Fileta suggested that high profile candidates and committed friends led both to the higher voter turnout and, possibly, social media friction.
How did the transitions in locations and leadership affect the student body?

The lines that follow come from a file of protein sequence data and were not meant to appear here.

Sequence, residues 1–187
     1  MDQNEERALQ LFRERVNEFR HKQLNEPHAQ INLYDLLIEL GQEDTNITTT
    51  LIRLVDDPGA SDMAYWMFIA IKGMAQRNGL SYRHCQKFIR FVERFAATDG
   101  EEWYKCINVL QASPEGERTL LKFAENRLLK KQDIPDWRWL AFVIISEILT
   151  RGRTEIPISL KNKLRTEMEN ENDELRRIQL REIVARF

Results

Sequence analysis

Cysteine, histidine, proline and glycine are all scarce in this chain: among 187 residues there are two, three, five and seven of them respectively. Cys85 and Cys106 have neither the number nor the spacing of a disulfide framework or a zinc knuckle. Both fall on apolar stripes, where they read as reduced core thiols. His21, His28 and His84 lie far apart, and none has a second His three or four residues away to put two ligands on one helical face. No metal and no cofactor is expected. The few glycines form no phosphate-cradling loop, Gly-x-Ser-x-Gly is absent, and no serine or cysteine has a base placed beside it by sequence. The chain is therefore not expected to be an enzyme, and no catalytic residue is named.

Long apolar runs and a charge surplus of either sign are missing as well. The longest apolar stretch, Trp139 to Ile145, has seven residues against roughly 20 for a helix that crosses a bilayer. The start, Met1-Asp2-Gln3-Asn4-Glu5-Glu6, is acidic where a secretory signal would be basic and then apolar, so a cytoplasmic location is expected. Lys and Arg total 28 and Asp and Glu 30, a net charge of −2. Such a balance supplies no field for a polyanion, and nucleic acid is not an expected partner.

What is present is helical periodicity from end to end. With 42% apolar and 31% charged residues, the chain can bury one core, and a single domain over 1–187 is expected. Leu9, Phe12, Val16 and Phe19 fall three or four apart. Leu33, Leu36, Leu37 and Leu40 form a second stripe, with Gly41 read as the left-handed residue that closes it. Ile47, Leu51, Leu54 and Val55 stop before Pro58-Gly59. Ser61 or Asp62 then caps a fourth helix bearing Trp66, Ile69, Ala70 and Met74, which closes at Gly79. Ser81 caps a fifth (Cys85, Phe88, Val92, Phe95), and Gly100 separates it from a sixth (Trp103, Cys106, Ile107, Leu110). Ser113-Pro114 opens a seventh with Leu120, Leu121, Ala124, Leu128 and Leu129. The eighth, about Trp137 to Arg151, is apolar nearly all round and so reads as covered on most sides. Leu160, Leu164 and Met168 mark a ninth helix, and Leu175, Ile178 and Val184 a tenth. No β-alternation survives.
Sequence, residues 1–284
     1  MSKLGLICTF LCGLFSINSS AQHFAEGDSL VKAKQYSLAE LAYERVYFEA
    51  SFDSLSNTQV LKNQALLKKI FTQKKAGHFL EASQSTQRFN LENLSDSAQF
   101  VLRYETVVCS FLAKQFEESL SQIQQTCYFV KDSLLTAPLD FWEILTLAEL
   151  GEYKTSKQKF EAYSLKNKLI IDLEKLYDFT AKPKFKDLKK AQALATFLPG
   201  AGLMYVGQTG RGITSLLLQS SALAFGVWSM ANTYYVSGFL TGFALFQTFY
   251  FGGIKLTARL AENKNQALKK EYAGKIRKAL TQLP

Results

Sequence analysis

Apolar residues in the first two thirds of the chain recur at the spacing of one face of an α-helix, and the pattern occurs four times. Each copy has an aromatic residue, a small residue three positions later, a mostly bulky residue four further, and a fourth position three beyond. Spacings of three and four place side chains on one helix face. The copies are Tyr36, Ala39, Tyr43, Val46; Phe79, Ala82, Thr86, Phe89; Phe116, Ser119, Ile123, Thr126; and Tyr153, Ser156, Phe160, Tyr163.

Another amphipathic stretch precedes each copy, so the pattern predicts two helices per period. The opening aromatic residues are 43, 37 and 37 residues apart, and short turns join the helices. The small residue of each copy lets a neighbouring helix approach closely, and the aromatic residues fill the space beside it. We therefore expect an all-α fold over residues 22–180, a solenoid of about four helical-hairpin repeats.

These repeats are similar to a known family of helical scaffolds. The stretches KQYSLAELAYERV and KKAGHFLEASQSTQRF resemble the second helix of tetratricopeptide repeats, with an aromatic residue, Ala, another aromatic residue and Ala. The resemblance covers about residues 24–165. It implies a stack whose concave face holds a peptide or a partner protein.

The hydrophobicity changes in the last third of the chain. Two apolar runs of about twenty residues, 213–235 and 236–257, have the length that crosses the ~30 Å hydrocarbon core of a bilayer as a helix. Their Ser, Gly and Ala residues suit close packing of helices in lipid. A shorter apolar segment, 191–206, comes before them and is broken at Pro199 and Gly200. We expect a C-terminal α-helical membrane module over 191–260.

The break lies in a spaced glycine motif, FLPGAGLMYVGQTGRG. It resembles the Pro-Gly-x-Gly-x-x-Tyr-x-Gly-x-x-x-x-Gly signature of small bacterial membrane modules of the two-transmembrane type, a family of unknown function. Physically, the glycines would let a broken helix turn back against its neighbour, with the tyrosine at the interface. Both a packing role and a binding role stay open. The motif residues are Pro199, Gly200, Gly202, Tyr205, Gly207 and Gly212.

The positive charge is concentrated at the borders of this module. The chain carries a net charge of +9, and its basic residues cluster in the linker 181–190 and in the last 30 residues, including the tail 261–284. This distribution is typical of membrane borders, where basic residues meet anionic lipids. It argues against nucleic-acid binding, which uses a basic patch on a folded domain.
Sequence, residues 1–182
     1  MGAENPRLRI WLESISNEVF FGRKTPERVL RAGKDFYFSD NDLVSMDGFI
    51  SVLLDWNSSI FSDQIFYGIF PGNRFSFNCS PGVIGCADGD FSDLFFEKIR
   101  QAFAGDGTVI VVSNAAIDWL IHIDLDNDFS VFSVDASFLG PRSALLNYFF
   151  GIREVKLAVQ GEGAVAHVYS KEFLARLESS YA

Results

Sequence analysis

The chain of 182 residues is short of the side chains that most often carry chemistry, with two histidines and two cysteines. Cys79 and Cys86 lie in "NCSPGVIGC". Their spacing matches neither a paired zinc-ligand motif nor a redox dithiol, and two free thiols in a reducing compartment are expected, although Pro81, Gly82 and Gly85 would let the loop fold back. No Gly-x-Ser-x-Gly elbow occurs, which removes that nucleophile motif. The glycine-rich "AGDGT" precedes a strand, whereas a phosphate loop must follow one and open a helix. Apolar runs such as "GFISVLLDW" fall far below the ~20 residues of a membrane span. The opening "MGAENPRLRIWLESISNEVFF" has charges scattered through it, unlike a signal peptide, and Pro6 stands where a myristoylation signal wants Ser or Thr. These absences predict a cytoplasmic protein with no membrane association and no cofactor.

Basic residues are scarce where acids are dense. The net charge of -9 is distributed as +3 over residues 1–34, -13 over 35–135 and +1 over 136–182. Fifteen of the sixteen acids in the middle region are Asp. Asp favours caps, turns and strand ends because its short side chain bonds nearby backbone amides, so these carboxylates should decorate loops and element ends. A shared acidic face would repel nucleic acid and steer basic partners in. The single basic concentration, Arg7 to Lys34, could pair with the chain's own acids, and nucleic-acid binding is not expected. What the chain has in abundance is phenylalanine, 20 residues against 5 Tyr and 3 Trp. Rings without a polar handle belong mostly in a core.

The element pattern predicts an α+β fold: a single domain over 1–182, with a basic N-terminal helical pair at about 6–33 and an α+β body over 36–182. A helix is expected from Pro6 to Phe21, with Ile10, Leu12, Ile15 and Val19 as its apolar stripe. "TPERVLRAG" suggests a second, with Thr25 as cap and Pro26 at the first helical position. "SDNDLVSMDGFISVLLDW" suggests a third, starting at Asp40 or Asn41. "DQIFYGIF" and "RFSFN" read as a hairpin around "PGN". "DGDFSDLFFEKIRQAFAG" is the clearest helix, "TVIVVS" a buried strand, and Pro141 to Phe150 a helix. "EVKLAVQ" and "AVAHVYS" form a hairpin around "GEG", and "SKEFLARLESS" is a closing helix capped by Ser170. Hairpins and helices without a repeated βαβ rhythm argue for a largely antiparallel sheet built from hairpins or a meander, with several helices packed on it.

“There was a natural disaster with the hurricane that put a lot of students in a drought. It took a toll on people. A lot of grades were affected, and when something hits you in the face within the first couple months of being a student, and the school’s already new to you, and new to everybody, nobody knows the answers… Even though D’Souza left, we were under such great leadership of the board… I think that it is kind of impossible to go from a really unfortunate time and not want to do everything in your power to change it… I think that’s a huge reason why this year went so well, is because there was every reason in the book to make everything the best it could be. And as somebody who was heavily involved in that, in terms of seeing the need and trying to cultivate something that can help respond to it, that’s why I was running for SBP. Because I know you can’t just stop. You need to work even harder to keep it [positive morale] sustainable for the years to come, so we can prevent something like that in the future.”